The hosts of NetVUE’s podcast Callings recently sat down for a conversation with Kristin Kobes Du Mez, professor of history and gender studies at Calvin University in Grand Rapids, Michigan. Since the publication of her New York Times bestselling book, Jesus and John Wayne: How White Evangelicals Corrupted a Faith and Fractured a Nation (2020), she has been in the middle of intense public debates about faith, nationalism, and gender in American Evangelicalism. In this episode, Kristin shares some of the story behind that story, reflecting on the role that historical research plays in public life.
“History isn’t going to answer your questions for you,” she says, but it “is going to give you a whole lot more wisdom as you search out those answers. [. . .] It complicates our categories.” Her desire to share the truth of history and the Gospel are at the core of her calling despite the daily attacks directed at her since the publication of her bestselling book. She believes that as an historian, her research matters to a wide audience but especially to the many evangelical women who reach out to her. Although she describes herself as having a “thick skin,” she also understands that “holding things loosely” enables her to continue her work as long as her contribution is needed.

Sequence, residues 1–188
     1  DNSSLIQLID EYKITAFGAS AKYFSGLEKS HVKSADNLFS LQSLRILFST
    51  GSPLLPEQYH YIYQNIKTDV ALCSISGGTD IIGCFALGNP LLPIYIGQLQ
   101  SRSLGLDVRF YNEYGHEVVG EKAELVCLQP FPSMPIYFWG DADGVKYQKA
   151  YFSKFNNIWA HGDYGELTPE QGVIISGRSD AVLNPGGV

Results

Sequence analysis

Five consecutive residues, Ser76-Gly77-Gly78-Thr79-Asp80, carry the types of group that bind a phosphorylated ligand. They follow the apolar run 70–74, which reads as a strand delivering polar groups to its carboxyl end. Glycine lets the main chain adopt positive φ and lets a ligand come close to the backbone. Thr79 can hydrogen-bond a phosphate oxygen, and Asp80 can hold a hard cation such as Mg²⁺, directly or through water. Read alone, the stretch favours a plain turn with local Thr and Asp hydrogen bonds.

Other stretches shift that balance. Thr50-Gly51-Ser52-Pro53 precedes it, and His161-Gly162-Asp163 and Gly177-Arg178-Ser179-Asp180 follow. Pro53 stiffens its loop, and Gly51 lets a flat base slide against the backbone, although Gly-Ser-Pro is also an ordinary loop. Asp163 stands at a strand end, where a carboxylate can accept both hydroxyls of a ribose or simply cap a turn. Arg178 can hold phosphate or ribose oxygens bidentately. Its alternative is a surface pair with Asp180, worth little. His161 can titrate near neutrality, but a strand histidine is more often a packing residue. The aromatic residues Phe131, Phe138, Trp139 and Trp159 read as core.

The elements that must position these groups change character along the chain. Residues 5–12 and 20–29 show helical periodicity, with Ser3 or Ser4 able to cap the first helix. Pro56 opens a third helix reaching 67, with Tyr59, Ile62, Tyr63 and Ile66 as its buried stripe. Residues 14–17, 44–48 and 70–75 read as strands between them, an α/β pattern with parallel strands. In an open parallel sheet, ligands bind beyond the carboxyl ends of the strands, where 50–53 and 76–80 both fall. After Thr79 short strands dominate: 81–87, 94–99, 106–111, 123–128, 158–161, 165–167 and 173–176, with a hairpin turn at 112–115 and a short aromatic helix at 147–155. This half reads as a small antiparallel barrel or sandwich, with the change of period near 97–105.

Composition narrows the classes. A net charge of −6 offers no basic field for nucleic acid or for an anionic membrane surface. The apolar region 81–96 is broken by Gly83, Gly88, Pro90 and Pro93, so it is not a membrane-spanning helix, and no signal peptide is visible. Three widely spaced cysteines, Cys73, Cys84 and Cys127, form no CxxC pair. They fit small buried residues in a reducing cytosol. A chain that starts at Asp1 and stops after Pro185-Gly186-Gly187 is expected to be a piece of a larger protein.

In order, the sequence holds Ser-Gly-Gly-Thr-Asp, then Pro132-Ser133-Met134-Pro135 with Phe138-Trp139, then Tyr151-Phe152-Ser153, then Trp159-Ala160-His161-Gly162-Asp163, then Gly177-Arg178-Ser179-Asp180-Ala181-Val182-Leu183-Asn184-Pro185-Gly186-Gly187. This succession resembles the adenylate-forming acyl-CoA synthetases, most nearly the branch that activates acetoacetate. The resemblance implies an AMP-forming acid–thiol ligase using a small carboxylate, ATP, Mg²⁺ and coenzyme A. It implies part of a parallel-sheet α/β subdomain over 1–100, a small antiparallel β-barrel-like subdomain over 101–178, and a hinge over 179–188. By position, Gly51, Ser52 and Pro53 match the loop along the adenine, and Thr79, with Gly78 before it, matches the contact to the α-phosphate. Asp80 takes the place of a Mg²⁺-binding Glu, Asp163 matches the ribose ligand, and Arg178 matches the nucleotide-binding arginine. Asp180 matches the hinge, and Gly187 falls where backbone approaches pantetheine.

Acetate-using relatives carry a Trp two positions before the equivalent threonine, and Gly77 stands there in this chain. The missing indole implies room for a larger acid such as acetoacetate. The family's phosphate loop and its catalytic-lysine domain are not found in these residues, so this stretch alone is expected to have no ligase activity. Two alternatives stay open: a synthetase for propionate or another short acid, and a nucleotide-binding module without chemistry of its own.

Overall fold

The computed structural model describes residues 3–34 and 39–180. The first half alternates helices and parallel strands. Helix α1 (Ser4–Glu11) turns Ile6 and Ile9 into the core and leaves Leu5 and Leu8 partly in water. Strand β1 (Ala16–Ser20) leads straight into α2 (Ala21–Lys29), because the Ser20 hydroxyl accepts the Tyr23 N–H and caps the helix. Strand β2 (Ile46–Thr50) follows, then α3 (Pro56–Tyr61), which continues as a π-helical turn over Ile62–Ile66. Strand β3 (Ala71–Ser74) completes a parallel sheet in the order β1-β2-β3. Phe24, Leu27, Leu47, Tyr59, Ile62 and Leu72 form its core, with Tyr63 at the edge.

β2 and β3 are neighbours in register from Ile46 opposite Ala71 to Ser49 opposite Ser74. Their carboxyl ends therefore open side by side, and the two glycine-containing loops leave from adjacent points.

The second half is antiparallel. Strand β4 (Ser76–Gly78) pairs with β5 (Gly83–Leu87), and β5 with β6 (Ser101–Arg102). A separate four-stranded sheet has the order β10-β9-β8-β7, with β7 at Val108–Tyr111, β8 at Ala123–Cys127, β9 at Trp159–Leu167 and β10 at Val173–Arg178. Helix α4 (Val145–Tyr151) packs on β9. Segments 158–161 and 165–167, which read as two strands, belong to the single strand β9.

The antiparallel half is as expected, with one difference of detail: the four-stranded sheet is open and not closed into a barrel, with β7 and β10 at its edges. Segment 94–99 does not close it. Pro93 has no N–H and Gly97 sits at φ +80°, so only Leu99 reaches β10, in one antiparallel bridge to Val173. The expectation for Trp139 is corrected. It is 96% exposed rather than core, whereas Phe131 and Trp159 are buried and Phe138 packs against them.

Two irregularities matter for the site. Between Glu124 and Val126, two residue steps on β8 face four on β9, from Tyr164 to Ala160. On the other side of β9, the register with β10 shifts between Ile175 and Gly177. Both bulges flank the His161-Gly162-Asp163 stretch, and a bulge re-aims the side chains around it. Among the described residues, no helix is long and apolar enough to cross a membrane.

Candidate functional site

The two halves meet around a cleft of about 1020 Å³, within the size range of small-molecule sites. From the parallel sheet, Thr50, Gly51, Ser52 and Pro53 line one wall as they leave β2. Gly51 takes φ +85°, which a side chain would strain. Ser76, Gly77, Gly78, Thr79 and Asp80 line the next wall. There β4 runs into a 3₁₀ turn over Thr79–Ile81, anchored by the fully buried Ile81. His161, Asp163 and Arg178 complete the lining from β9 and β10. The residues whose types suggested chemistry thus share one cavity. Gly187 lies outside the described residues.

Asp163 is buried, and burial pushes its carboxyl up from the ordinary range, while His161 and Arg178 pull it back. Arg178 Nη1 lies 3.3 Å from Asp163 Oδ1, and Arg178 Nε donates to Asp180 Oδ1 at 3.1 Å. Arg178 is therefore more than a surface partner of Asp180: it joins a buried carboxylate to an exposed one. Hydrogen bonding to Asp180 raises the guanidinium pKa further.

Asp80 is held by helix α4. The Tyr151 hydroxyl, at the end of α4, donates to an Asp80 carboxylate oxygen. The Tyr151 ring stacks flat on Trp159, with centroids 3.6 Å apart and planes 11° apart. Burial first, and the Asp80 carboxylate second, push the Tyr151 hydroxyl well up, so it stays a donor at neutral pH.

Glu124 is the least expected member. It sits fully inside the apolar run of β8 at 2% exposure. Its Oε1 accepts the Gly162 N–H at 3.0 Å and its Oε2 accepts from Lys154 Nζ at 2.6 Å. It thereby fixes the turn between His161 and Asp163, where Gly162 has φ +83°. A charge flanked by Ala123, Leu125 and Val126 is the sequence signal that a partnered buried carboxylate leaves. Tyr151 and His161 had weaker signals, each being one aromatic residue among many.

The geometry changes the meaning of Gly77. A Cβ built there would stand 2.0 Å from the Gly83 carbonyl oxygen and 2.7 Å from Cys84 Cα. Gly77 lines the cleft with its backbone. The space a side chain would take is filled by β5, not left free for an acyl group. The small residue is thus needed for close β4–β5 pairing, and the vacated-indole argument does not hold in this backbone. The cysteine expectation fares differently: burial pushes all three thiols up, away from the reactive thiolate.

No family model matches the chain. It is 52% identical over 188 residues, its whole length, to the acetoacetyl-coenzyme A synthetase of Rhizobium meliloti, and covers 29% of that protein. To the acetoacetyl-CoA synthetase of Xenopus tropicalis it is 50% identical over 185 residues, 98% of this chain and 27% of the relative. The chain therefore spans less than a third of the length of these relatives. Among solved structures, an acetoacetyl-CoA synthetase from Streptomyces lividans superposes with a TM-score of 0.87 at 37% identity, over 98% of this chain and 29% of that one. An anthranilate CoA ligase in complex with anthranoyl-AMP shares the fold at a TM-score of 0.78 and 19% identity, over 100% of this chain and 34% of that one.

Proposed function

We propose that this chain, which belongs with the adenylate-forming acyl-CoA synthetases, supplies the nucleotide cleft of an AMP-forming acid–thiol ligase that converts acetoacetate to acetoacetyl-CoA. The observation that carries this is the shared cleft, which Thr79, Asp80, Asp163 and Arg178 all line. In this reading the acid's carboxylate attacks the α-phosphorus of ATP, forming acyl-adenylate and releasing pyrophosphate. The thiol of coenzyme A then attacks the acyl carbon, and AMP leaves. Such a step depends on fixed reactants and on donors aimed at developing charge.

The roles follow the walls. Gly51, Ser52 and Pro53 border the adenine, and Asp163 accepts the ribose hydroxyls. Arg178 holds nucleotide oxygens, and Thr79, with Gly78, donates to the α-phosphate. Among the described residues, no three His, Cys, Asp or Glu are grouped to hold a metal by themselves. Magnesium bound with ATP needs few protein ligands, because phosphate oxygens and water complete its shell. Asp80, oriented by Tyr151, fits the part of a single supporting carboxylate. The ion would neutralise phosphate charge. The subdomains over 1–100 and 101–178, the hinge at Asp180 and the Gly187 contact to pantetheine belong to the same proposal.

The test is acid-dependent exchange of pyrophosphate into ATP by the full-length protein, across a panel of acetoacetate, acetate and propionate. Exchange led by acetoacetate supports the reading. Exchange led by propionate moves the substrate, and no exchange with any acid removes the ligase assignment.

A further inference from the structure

Throughout the conversation, Kristin advocates for honesty and humility as vocational touchstones. “Our cultural context, our historical context, shapes the way we understand God’s Word. That’s how we are created,” she says. Humility is needed in part because “the Gospel always disrupts.”
Click here to listen to the episode featuring Kristin Kobes Du Mez titled “Historical Evidence and Public Debate.”
Stephanie L. Johnson is the editor of Vocation Matters.